“If your actions inspire others to dream more, do more, and become more, you are a leader.” –John Quincy Adams
Change is inevitable, and it will occur exponentially in the next two decades at a rate we have never seen before. By 2025, millennials will comprise 75 percent of the workforce, according to the U.S. Census Bureau. And as amazing as our smartphones and computers are today, technologists believe we currently have only 10 percent of the technology that will exist in the near future.
Do upcoming leaders have the wisdom required to navigate through this generational shift of employment and technology progression in the workplace? It is either a prescription for a great amount of hope or disaster.
The Chinese definition for “crisis” is the combination of two things: danger and opportunity. It is in our nature to fear change, to see it as danger. But what if we instead use change to our advantage and make it a driving force — an opportunity — for ethical leadership?
We are living in an era of hyper change, and with change, ethical leadership is needed the most.
As we approach singularity, the place where artificial intelligence intersects and equals human intelligence, the need for ethical leadership becomes paramount.
Times change but values remain
As artificial intelligence (AI) continues to develop rapidly, we must simultaneously develop our authenticity, investing in our character rather than our reputation.
In my experience, working with countless businesses across Central Florida, I have identified common traits displayed by successful entrepreneurs: personal responsibility, optimism and, above all, value-based decision making. Entrepreneurs must root their leadership in things that do not change, such as timeless values that will outlive social and technological advancements.
In our signature philosophy Dogs Don’t Bark at Parked Cars, Eric Wright and I provide you with 10 unchanging principles that establish a foundation for ethical leadership. Wisdom comes from experience, so we are passing the wisdom of value-driven leaders to the upcoming generation through this timeless mentoring tool.
The Foundation of Trust • Relational Priority
Diversity of Expression • Influence, not Imposition
The Significance of Synergy • Prevailing Vision Process Orientation • Validating Desire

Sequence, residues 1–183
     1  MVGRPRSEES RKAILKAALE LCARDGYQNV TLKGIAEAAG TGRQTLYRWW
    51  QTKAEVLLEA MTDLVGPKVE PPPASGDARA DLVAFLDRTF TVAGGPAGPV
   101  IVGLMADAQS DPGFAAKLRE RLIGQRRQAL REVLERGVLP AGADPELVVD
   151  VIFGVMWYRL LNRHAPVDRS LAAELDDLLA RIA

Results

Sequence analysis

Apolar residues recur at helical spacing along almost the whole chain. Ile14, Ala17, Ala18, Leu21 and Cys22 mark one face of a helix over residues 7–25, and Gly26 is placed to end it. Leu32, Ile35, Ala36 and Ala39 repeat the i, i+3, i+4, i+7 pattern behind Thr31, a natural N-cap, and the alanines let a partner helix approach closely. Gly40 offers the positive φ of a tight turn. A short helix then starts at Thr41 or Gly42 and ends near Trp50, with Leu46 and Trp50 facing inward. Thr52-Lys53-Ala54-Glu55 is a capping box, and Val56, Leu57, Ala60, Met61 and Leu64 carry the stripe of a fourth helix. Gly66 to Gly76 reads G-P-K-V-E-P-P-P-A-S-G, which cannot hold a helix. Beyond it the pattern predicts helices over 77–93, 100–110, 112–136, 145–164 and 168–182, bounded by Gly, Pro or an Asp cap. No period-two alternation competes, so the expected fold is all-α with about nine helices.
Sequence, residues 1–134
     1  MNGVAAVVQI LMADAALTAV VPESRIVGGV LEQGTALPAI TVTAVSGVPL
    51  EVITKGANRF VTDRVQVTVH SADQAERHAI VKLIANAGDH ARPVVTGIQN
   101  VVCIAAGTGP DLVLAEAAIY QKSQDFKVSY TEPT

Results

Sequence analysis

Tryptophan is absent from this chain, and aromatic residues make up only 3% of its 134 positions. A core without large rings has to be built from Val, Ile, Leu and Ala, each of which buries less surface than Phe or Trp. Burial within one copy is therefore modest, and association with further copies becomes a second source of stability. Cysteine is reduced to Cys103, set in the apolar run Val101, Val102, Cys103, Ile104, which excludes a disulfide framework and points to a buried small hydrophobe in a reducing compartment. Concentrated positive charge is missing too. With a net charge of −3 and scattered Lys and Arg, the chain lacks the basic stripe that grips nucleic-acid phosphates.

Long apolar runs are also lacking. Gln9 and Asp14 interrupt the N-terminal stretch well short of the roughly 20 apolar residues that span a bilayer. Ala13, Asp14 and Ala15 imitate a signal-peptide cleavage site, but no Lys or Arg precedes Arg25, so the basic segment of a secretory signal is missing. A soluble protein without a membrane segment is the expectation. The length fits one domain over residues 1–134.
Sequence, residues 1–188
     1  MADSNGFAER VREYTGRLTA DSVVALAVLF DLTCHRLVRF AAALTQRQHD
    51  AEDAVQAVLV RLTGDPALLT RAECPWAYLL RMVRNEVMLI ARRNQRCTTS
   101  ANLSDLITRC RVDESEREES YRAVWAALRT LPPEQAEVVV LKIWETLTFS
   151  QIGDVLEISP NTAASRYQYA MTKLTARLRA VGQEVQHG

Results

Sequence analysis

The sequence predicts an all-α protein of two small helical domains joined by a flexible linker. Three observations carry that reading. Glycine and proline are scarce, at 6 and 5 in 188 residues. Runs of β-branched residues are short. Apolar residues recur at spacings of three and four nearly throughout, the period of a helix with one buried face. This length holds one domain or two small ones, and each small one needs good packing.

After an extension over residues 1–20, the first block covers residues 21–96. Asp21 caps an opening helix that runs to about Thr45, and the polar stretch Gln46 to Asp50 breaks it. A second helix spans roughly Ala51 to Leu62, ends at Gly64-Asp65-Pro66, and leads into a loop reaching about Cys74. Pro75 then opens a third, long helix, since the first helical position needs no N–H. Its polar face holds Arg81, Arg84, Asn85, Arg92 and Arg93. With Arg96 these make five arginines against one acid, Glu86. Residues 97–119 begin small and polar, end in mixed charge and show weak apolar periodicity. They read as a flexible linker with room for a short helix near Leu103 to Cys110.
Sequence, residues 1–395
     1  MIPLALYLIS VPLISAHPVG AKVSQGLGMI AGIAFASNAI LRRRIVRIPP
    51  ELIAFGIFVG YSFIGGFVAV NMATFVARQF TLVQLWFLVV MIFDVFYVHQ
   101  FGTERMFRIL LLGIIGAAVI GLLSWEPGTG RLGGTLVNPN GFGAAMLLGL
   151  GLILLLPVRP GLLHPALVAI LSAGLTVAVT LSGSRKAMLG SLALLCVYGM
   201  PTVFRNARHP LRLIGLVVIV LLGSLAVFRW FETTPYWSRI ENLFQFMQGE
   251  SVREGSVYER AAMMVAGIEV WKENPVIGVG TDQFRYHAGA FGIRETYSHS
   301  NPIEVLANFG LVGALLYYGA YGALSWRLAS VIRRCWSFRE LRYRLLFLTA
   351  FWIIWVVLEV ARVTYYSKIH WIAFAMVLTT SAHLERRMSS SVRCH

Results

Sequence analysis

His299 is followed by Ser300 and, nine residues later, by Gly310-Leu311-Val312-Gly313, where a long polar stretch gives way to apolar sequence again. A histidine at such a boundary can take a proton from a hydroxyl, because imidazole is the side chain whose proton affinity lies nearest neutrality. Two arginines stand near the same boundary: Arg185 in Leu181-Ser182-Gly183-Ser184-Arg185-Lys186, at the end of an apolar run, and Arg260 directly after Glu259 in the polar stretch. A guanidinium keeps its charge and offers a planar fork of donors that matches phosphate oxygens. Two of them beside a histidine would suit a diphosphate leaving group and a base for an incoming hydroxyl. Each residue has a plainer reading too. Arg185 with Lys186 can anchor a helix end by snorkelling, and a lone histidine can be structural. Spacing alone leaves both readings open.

Life is both Natural and Spiritual • Building a Legacy
If you have leaders operating inside these 10 virtues, using them as a guidance system to make decisions and interact with others, results will be positive.
Lead one, and you can lead many
Leadership starts at the individual level. A person does not have to be responsible for a company to be called a leader. The foundation of leadership does not change as you climb up the ladder; the responsibility is just greater because it impacts more people. With great power comes greater responsibility.
Leaders, as defined by Richard Barrett, are individuals who courageously pursue a vision in a manner that resonates with the souls of others. There are three important aspects of this definition:
Courageously — We can provide you with the 10 fundamentals to value-based leadership; however, if you do not have courage to act, it is meaningless because you will never take action.
Vision — You must have a vision that releases aspirations and establishes your “why.”
Resonating — Connect with the souls of others, not with their heads. Unfortunately, we do not have a lot of leadership that resonates with souls.
Compare the messages of Martin Luther King, Jr. and Adolf Hitler. Both were leaders with millions of followers, but the results of the consequences of their messages could not have been more different.
As we approach singularity, the place where artificial intelligence intersects and equals human intelligence, the need for ethical leadership becomes paramount. We cannot assume that because of the vast amount of advanced technology associated with Artificial Intelligence that the result will be good. This intersection presents the ultimate battle of good vs. evil.